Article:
Friday, April 20, 2012

War and Oil -- Saving Ancient Babylon

I admit it -- I've developed a soft spot for Ancient Babylon while writing The Hounds of Zeus. However, my research and writing were so focused on discovering and recreating the ancient city that I was oblivious to her condition today. Now I find that what remains stands of the brink of final oblivion.

For more than a millennium, Babylon was one of the great cities of antiquity. Then, in 539 BC, the Queen of Cities declined and fell into ruin after it was conquered by the Persians under Cyrus the Great. Centuries of looting and neglect were followed by some hit-and-miss excavation efforts in which many treasures like Ishtar’s Gate were removed and placed in museums outside the country. (Possibly this saved them from total destruction as no one else seemed to find them worth saving until then, but I digress.)

The Lion of Babylon
In the 1980s, Iraqi leader Saddam Hussein wreaked further havoc upon the ruins by building an ostentatious palace over them. Then war came to Iraq, and it was open season on archeological sites in general. Countless numbers of these all over Iraq suffered at the hands of thieves.

For a short time after the withdrawal of American and Polish troops from the war-torn country, it seemed that the ruins of ancient Babylon might at last receive the careful treatment that they deserved. UNESCO, the United Nations' cultural and scientific organization, said it would be carrying out some initial repair work and pledged to begin the process of naming Babylon a World Heritage Site.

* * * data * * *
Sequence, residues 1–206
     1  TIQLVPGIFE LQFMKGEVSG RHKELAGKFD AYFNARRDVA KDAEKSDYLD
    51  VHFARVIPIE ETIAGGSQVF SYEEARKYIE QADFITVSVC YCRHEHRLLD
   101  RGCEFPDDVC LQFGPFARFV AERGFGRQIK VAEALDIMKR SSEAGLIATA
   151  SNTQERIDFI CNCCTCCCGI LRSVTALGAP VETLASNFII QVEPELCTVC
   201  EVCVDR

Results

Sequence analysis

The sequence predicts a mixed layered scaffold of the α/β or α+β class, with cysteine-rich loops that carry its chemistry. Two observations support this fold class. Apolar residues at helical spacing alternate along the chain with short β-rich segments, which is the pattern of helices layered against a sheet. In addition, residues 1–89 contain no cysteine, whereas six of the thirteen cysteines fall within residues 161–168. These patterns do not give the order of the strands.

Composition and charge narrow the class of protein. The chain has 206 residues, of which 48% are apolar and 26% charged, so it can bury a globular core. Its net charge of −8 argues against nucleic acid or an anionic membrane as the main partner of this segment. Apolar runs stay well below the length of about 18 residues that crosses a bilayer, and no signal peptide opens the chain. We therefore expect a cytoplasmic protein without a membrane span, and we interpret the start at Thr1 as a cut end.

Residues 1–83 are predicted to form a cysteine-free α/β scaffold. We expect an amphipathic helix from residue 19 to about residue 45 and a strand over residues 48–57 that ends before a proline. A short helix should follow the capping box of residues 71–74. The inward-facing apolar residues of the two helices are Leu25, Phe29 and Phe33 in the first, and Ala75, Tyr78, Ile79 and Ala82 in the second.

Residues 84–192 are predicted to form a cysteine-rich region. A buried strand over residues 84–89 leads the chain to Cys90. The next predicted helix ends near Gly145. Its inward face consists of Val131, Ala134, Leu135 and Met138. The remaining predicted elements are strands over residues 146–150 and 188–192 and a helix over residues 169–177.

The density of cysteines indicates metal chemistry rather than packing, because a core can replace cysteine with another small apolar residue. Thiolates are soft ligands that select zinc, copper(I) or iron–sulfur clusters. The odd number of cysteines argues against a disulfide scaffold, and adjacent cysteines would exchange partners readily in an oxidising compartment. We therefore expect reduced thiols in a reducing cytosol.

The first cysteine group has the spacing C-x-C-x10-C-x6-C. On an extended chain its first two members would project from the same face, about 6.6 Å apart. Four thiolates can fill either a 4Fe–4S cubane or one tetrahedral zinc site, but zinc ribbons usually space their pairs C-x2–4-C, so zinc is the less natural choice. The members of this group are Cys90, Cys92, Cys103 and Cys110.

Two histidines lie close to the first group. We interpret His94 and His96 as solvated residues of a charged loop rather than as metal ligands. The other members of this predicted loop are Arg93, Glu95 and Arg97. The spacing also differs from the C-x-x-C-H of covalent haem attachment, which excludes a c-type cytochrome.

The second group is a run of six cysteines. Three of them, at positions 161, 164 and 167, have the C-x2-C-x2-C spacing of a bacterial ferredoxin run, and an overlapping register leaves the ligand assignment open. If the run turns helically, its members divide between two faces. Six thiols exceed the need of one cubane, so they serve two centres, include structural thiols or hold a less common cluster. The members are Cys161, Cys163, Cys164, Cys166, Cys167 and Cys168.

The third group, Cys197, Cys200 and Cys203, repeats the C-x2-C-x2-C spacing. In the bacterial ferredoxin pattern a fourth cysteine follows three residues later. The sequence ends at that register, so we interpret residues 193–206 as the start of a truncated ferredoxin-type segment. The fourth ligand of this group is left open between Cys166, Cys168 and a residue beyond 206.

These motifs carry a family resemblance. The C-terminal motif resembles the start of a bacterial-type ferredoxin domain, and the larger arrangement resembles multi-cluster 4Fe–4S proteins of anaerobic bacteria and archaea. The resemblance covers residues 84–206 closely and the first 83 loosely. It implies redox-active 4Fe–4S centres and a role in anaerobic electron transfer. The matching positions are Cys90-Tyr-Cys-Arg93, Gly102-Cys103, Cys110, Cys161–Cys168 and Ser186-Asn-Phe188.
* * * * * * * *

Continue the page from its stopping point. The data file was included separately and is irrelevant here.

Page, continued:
Next, the New York-based World Monument Fund stepped in to offer its help, spending $1 million in U.S. government and private funding to bring in experts to survey the site, train Iraqis in preservation techniques, and develop a site management plan, while supporting UNESCO’s goals.

Now it seems that all those efforts may have gone for naught. The country needs revenue and is looking to its one commodity of tremendous value: oil. How will this affect the preservation of ancient Babylon and its future as a World Heritage Site?

For more about the unfolding drama, please read Rami Ruhayem’s disturbing report “Iraq's clash of old and new: Oil pipelines in Babylon” at

If you could call the shots, what would you do?

No comments:

Post a Comment